Context is everything, especially in the murky waters of internet advertising. Most of us will have by now experienced a badly-placed advert, whether it’s an awkward fast food chain campaign plastered over a video about obesity, or something more profoundly offensive.
At the start of the year, YouTube saw a mass exodus of brands from their platform after The Times revealed it had been monetising videos that were very much the epitome of unsafe content. It was an announcement that sent shockwaves through the online advertising industry and, as a kneejerk reaction, YouTube announced that it had made changes to the way videos were categorised and monetised, to avoid ads appearing alongside extremist content.
In turn, this caused a number of complaints from popular bloggers and vloggers, who claimed that this reduced their potential income, because they were unable to monetise any content that wasn’t considered "brand safe" under YouTube’s new rules, and brands were missing out on untapped audiences.
Yesterday, the company announced a "new and improved" algorithm that should mean that more videos are classified as suitable for ads. But are we going down a slippery slope, and should this change be a red flag to brands?
Video content is hugely valuable to brands, and is the highest grossing display format for H1 2017, according to the IAB Ad Spend Report. It allows brands to be creative and communicate their messaging to the masses in an engaging way. It’s not surprising that brands feel the lure of YouTube, when the platform is promising unchallenged scale.
However, premium storytelling also has its place in the market, and despite being unable to offer the reach of YouTube, brands are still feeling the benefits of working with reputable publishers. They are able to offer authentic attention, valuable audiences and positive brand association that is almost impossible to achieve via social channels.
With user generated content, there will always be issues with brand safety. It’s important to remember that social platforms are not publishers, and should not be treated like they are.
Premium publishers can curate a platform of content that is relevant, and as a result can provide value to brands, although this will be on a smaller scale. By using editorial teams, brands can ensure that the content they are being served against is brand safe.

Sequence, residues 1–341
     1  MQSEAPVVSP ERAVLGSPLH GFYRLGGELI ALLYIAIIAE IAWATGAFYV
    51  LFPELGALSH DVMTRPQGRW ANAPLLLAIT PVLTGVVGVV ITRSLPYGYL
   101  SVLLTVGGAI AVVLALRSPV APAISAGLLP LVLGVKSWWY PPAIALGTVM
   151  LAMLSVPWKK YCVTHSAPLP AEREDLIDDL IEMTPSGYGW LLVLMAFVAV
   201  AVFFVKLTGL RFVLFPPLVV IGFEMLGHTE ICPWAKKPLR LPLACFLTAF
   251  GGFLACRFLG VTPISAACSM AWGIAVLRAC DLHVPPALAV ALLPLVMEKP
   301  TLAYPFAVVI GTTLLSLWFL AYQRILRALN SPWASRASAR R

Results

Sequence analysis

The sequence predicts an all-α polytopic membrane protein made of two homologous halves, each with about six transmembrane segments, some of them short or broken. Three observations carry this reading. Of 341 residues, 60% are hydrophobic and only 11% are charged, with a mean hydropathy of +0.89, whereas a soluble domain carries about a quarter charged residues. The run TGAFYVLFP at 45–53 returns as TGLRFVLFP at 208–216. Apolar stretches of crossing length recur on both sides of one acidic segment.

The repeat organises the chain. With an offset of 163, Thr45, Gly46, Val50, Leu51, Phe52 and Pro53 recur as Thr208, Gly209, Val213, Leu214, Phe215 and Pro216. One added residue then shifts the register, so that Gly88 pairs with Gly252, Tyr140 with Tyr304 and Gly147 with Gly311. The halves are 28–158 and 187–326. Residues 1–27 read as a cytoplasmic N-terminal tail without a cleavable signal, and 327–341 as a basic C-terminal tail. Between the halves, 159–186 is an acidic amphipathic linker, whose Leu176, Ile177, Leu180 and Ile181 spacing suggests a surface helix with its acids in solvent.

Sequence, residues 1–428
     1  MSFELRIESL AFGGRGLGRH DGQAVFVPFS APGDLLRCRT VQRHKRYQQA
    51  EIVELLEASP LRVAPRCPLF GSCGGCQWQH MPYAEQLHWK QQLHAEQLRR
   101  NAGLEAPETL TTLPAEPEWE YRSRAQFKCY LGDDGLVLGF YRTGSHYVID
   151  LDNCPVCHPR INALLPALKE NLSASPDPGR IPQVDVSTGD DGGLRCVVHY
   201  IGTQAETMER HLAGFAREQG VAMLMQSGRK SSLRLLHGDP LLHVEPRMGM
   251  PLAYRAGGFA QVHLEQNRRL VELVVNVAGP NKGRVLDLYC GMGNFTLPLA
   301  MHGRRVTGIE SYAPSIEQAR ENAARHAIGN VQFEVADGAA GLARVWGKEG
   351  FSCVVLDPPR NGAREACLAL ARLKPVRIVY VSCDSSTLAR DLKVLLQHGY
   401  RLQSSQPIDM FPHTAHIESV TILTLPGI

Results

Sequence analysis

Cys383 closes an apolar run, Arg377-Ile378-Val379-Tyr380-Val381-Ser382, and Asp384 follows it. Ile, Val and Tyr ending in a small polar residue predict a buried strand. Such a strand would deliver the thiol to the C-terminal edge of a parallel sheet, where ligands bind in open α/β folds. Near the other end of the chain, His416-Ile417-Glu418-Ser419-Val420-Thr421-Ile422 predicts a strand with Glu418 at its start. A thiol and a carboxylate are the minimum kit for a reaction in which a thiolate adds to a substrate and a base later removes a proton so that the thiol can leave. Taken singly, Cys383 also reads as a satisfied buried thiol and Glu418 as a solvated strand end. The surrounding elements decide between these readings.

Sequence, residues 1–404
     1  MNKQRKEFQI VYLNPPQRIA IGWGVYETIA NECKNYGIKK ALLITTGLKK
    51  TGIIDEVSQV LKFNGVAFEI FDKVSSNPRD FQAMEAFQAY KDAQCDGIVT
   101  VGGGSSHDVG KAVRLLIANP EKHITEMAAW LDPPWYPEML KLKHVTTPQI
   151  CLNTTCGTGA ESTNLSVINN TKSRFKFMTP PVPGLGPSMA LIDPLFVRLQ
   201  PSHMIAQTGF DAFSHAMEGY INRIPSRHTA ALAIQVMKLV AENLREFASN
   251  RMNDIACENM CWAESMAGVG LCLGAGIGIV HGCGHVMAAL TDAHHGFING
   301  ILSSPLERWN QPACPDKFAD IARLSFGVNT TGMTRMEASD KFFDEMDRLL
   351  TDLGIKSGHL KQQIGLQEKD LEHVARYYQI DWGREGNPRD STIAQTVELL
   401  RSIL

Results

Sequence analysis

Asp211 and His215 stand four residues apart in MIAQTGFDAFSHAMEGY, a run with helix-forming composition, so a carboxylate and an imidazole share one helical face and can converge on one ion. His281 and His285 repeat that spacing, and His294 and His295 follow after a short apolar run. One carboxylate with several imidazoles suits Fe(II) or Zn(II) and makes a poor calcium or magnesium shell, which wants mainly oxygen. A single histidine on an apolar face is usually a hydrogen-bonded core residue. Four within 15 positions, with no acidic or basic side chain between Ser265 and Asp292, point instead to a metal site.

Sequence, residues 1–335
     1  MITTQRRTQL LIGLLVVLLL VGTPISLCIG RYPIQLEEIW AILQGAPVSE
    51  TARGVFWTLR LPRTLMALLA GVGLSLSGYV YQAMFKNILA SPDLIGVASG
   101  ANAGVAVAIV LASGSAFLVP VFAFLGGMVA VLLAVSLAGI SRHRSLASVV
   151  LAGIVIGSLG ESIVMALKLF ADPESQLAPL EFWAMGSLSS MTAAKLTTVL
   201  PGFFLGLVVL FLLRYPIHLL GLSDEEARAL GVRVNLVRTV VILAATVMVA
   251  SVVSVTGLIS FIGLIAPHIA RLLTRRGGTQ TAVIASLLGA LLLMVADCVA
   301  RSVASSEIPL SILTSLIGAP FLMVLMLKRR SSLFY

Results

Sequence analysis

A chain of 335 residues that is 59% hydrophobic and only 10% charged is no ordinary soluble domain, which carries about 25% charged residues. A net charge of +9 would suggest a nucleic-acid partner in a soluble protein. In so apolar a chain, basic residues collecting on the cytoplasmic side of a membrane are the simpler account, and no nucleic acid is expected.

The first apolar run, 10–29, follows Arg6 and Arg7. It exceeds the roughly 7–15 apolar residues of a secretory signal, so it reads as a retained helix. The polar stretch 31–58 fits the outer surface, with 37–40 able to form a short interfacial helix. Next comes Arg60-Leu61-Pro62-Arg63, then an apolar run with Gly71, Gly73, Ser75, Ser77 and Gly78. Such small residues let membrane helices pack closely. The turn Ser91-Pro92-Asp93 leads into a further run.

It’s also important to remember that with brand safety there are grey areas. What is safe for one brand may cause damage to another. But, should this mean we avoid serving any ads on certain content because of the risk to the few?
It’s black and white with YouTube brand safety measures, therefore content creators are missing out on revenue, and brands are missing out on the opportunity to target untapped audiences. This is one of the main reasons popular YouTubers had issues in the first place, and although loosening the reins may help some, this may be at the detriment of brands.
Some major publishers are starting to use a grey scale of brand safety measurement, that allows brands to choose how brand safe they need to be for each individual campaign, which allowing them to have more control over their advertising spend. By doing this, both the brand and the publisher benefit, because they are both clear on their expectations from the outset.
The most important thing to consider is, are we going in circles with these brand safety measures?
The issues at the beginning of the year were a warning sign to all brands that they needed to take back control of their ad spend to ensure the context suited the content. Brand safety means different things to different people, but brands can’t expect both scale and brand safety, and it’s a toss up between the two as to where brands see most value. Now, eight months on, YouTube seem to be loosening the reins, which should be a huge red flag to brands. How long before we end up with similar headlines in the national papers again?
Mind you, I am sure the industry was having similar conversations before The Times broke the story earlier in the year. To me, it seems to be a déjà vu moment. Hopefully we have learnt enough to avoid history repeating itself.
James Pringle, is co-founder and chief executive of Suggestv